If you have sold real estate, after a two-year holding period, you may have incurred a long-term capital gain. This is ordinarily taxed at 20% with the benefit of indexation. However, you can reduce the tax you have to pay by reinvesting the proceeds in Section 54EC bonds. These bonds are issued by the National Highways Authority of India (NHAI) and Rural Electrification Corporation (REC), both of which are public sector bodies. The deduction under these bonds is not available if you have sold your property within two years of purchase (short-term capital gain).
You can invest up to Rs 50 lakh in these bonds to get the deduction. At a 20% tax rate (without applying indexation), this will save you about Rs 10 lakh in tax. Typically, due to indexation, the tax saving will be lower. Where the asset is jointly owned, both partners will get separate limits of Rs 50 lakh for their share of the gains, effectively doubling the limit to Rs 1 crore.
The 54EC deduction has been restricted by Budget 2018 to real estate only, while prior to this, long capital gains from the sale of any long-term capital asset could have been set off against investing in section 54EC bonds. Thus gains on unlisted bonds, shares or debt mutual funds or even equity mutual funds cannot get the benefit of this deduction. Also, you cannot exit from these bonds within five years of purchase. This was earlier three years but has been extended by Budget 2018. Note, however, that the five-year lock-in and also the exemption coverage will go into effect on 1st April 2019 only rather than in the coming financial year.
Section 54EC bonds currently carry an interest rate of 5.25%. This interest is taxable. In other words, if you are in the 30% tax bracket, you will get an effective interest rate of 3.67% per annum.
If you have sold a residential house, you can reinvest the proceeds of your sale in another house under Section 54. However, this exemption is limited to one house and cannot be used for the purchase of multiple houses. You must reinvest the gains, one year before the sale and up to two years after the sale of your house (you get three years if you are constructing the property).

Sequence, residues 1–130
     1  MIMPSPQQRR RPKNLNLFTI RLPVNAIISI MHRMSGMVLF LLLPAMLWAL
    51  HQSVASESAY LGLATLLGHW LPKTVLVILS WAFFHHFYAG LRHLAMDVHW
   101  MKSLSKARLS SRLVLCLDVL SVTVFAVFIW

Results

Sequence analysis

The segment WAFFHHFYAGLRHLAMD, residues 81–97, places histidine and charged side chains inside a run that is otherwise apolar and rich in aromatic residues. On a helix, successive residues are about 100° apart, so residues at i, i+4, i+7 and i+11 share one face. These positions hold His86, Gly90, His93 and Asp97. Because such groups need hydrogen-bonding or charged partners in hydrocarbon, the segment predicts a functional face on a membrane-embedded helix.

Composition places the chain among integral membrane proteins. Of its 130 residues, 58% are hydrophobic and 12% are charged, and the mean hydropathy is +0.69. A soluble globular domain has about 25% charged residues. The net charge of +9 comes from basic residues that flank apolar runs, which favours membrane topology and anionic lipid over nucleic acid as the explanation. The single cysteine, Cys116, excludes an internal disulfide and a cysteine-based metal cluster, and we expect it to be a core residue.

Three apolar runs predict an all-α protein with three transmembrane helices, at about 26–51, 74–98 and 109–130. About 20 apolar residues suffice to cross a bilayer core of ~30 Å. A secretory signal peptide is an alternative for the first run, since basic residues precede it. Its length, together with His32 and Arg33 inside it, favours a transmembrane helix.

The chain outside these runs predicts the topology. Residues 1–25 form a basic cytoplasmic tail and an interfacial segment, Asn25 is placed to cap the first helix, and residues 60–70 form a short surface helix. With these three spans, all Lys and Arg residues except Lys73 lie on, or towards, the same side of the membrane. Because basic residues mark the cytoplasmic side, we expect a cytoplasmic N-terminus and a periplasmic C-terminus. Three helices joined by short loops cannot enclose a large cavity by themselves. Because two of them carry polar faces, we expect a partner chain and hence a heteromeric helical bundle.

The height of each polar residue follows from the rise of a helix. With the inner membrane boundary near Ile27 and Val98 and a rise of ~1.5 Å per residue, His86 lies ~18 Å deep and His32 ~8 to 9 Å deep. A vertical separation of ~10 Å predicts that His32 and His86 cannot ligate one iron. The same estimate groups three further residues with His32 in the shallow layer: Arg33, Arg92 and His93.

If you have sold land (other than a residential house), you can reinvest the proceeds of your sale in a residential house under Section 54F. However, the condition here is that you should not have owned more than one house (except for the one you have sold) at the time of sale. You have to purchase or construct the new house, one year before the sale of the capital asset or within three years after the sale.
You can pay off the tax and invest in mutual funds. However because mutual funds do not get a tax deduction, you would need a pre-tax return of about 10.3% for your money to grow to the same size as it would grow with the bonds. The long-run return on equity is assumed to be 12% but this is by no means guaranteed. Let’s take the example of an index fund. The Niftybees ETF (which is the best approximation for the Nifty Index) delivered a 5-year rolling annualised return of 13.68% on average. Its maximum return was 42.80% and minimum return was -0.27%. A five-year rolling return computes the five-year returns from each day of the year approximately ten years ago. The last data point it examines is exactly five years ago. In other words, investing at the best point of time in the past ten years would have got you 42.80% annualised and investing at the worst point of time would have got you -0.27% annualised. On the other hand, mutual funds, whether debt or equity do not have lock-ins and give you the advantage of flexibility. All this makes the choice between the bonds and mutual funds a very complex one.
You can pay off the tax and invest in other taxable bonds, FDs or debt mutual funds. However as mentioned above, you would need, at a minimum, a pre-tax return of 10.3% to make up for the lack of deduction. This is highly unlikely in instruments like FDs or taxable bonds in the current interest rate scenario.